The salient had been under fairly heavy shelling since 19 April, the German fire being directed mainly on roads and bridges north and east of Ypres. There was a lull during the afternoons, but soon after four o'clock the French front line on the north of the salient came under a violent bombardment, which gradually shifted to the Canadian sector. At five o'clock the Germans opened the valves of the gas cylinders for from six to eight minutes, releasing more than 160 tons of chlorine into a light northeast wind.
Canadian Official History
|June 1915 Artist Conception of the Attack|
Here is a short description of what followed in Ypres in 1915 by British reporter Philip Gibbs from his 1920 book Now It Can Be Told, which is a sort of memoir of his war years.
The city of Ypres was the capital of our battlefields in Flanders from the beginning to the end of the war, and the ground on which it stands, whether a new city rises there or its remnants of ruin stay as a memorial of dreadful things, will be forever haunted by the spirit of those men of ours who passed through its gates to fight in the fields beyond or to fall within its ramparts.
I went through Ypres so many times in early days and late days of the war that I think I could find my way about it blindfold, even now. I saw it first in March of 1915, before the battle when the Germans first used poison-gas and bombarded its choking people, and French and British soldiers, until the city fell into a chaos of masonry. On that first visit I found it scarred by shell--fire, and its great Cloth Hall was roofless and licked out by the flame of burning timbers, but most of the buildings were still standing and the shops were busy with customers in khaki, and in the Grande Place were many small booths served by the women and girls who sold picture post-cards and Flemish lace and fancy cakes and soap to British soldiers sauntering about without a thought of what might happen here in this city, so close to the enemy's lines, so close to his guns. I had tea in a bun-shop, crowded with young officers, who were served by two Flemish girls, buxom, smiling, glad of all the English money they were making.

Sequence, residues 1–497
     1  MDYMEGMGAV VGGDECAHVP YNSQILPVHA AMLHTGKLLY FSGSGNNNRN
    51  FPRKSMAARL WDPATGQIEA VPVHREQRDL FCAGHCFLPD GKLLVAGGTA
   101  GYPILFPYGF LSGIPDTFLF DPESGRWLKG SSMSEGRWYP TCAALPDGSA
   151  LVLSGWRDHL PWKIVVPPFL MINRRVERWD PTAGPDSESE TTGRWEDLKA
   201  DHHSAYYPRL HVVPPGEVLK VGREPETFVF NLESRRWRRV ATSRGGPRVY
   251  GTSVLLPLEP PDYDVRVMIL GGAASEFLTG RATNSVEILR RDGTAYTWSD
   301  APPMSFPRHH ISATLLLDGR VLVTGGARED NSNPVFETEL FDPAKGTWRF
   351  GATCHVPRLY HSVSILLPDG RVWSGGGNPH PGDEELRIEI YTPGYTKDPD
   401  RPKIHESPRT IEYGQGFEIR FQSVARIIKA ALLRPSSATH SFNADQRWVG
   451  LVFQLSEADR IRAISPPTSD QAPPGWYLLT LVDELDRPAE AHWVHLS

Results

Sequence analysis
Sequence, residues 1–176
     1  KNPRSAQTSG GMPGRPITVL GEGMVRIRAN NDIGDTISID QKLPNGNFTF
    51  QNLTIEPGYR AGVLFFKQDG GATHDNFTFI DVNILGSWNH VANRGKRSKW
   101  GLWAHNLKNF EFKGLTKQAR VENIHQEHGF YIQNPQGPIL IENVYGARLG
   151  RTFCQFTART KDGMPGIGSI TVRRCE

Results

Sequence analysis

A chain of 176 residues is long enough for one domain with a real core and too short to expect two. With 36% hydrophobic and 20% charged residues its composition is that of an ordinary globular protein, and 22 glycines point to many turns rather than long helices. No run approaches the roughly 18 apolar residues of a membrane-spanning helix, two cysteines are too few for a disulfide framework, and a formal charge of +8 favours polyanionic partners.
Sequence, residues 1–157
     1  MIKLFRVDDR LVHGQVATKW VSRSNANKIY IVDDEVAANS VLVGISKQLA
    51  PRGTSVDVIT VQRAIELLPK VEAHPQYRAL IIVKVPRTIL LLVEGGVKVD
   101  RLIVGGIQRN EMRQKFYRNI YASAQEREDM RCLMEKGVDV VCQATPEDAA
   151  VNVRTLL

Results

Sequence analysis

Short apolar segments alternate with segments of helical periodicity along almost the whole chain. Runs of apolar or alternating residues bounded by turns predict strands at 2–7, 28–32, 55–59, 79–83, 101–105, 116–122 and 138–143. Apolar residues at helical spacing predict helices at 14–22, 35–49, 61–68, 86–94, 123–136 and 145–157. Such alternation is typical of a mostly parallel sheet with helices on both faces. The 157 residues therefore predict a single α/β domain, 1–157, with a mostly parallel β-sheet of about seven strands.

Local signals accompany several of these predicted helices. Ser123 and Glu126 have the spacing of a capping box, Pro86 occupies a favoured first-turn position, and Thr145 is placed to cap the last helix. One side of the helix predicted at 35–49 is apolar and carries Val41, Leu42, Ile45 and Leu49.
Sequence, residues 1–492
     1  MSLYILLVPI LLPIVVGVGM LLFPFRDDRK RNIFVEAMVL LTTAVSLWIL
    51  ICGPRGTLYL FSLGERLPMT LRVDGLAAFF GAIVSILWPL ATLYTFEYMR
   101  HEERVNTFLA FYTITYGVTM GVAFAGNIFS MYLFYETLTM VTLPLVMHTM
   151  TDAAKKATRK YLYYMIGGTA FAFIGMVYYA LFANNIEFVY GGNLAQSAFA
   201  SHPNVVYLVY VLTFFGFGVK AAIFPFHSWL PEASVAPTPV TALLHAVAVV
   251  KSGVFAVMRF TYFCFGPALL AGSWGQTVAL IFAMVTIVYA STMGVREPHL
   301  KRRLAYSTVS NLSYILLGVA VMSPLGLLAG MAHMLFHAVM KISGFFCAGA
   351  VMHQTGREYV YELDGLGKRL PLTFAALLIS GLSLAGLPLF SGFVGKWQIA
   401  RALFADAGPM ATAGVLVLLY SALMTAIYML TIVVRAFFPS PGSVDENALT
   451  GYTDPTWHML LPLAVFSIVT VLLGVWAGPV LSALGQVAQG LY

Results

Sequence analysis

|Map Showing the Location of the Initial Gas Release|
A few weeks later the devil came to Ypres. The first sign of his work was when a mass of French soldiers and colored troops, and English, Irish, Scottish, and Canadian soldiers came staggering through the Lille and Menin gates with panic in their look, and some foul spell upon them. They were gasping for breath, vomiting, falling into unconsciousness, and, as they lay, their lungs were struggling desperately against some stifling thing. A whitish cloud crept up to the gates of Ypres, with a sweet smell of violets, and women and girls smelled it and then gasped and lurched as they ran and fell. It was after that when shells came in hurricane flights over Ypres, smashing the houses and setting them on fire, until they toppled and fell inside themselves. Hundreds of civilians hid in their cellars, and many were buried there. Others crawled into a big drain-pipe--there were wounded women and children among them, and a young French interpreter, the Baron de Rosen, who tried to help them--and they stayed there three days and nights, in their vomit and excrement and blood, until the bombardment ceased. Ypres was a city of ruin, with a red fire in its heart where the Cloth Hall and cathedral smoldered below their broken arches and high ribs of masonry that had been their buttresses and towers.
When I went there two months later I saw Ypres as it stood through the years of the war that followed, changing only in the disintegration of its ruin as broken walls became more broken and fallen houses were raked into smaller fragments by new bombardments, for there was never a day for years in which Ypres was not shelled.
Sources: Tony Langley Collection